Chattius, you might be interested to know that what you guys make is indeed a type of pizza. It's a variant on what is known as a "white pizza", where you use an alternative base such as sour cream or oil & garlic instead of tomato sauce (because oil & garlic were for a very long time much easier for people to get than tomatoes, which were hilariously considered as being poisonous by people outside of Italy). This type of pizza originated in Greece a very long time ago (the original was basically what is in your picture, and they used Feta/goat cheese) and since has spread everywhere from Turkey and the USA to China. You'll find regional variations on the sour cream based pie in Hungary, Spain, Portugal, and the USA.

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Posted (edited)
22 hours ago, thejynxed said:

Chattius, you might be interested to know that what you guys make is indeed a type of pizza. It's a variant on what is known as a "white pizza", where you use an alternative base such as sour cream or oil & garlic instead of tomato sauce (because oil & garlic were for a very long time much easier for people to get than tomatoes, which were hilariously considered as being poisonous by people outside of Italy). This type of pizza originated in Greece a very long time ago (the original was basically what is in your picture, and they used Feta/goat cheese) and since has spread everywhere from Turkey and the USA to China. You'll find regional variations on the sour cream based pie in Hungary, Spain, Portugal, and the USA.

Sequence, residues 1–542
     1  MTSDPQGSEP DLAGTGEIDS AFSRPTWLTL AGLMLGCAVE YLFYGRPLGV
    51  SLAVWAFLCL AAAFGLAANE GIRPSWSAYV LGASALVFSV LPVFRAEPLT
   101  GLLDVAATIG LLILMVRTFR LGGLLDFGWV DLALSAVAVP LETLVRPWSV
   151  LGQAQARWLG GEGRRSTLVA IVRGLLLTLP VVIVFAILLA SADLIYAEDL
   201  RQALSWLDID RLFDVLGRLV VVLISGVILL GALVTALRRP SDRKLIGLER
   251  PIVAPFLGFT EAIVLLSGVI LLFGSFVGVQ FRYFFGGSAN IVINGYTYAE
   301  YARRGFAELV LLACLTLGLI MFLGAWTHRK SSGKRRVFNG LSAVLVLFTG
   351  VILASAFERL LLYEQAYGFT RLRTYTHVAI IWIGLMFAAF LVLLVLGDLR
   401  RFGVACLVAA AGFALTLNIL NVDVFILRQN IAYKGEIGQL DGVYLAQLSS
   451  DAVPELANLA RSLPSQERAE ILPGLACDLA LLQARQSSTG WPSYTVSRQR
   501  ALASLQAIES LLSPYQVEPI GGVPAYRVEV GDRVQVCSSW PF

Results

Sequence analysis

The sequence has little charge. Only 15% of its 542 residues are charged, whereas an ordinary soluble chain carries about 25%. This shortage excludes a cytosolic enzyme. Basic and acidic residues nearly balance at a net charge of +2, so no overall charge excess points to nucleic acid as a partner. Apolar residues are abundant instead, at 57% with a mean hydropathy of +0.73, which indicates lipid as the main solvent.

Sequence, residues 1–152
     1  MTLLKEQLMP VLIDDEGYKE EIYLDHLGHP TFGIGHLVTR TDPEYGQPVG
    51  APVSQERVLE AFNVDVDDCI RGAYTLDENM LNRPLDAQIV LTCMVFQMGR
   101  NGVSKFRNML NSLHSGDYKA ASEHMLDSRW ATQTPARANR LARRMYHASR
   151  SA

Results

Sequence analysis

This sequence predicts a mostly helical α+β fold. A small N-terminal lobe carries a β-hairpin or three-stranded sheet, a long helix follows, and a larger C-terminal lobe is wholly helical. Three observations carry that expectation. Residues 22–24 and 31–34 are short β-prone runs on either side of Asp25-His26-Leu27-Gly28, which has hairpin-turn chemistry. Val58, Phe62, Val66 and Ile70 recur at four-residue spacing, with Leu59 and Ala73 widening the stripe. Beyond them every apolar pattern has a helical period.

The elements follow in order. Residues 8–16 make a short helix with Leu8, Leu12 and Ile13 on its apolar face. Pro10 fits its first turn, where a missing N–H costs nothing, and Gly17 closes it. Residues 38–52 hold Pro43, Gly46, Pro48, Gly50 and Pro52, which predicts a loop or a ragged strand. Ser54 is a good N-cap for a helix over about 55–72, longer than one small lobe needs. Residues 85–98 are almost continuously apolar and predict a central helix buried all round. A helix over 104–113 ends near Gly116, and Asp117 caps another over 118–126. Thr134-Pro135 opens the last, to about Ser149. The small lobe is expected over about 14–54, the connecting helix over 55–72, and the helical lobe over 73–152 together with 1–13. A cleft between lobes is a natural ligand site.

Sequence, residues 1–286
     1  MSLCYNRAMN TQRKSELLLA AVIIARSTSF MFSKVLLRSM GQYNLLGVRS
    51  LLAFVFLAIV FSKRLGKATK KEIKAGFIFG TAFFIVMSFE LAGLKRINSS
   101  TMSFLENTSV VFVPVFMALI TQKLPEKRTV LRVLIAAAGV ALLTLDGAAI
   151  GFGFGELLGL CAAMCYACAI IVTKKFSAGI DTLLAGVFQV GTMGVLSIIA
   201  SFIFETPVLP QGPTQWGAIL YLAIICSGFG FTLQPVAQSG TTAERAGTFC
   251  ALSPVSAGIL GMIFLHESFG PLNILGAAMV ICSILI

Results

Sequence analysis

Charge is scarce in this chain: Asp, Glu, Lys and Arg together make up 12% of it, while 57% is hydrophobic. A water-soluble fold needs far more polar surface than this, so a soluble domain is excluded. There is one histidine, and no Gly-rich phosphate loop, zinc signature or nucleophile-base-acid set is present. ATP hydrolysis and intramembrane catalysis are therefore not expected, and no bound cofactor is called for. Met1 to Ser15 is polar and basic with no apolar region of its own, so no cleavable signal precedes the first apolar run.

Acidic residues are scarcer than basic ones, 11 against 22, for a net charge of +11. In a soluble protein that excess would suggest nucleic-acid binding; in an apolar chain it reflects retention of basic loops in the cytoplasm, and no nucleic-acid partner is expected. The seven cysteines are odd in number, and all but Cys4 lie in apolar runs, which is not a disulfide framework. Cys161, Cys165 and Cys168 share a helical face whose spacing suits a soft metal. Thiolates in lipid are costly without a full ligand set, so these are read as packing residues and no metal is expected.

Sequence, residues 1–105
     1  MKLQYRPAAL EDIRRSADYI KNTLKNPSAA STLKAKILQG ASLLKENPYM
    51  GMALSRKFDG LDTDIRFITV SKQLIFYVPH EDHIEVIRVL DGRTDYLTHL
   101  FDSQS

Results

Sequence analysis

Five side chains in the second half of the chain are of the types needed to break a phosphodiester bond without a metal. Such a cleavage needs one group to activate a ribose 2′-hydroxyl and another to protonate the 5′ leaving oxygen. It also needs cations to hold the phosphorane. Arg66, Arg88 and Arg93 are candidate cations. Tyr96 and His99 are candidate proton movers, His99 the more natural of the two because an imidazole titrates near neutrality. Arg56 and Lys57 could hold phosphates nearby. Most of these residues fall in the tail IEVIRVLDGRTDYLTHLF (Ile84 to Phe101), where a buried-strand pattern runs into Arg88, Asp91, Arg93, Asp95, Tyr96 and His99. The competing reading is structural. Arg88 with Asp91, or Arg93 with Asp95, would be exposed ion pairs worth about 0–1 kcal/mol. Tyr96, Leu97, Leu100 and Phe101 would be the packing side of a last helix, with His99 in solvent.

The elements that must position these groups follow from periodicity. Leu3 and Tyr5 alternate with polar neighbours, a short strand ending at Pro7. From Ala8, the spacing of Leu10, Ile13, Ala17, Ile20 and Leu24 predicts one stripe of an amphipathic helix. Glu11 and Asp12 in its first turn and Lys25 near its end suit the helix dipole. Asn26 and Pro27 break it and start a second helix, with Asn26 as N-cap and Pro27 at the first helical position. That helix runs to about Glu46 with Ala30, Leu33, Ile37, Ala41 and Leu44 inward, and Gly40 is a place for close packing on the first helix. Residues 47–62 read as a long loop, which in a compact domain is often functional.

I have tried a white pizza, a veeeeeery long time ago. I still prefer  tomato pizza, but white pizza is good.

I remember a white pizza with wild boar ham....  :tongue2:

Edited by Mare
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Posted (edited)

PS.

Excuse me for not writing for almost a month, but now I'm back!

 

:cow:

Edited by Mare
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Yes, I have many times had white pizzas with ham, onion, & fresh basil. I actually prefer white to having the sauce, because most places the sauce is either too sweet with added sugar or too acidic with not enough.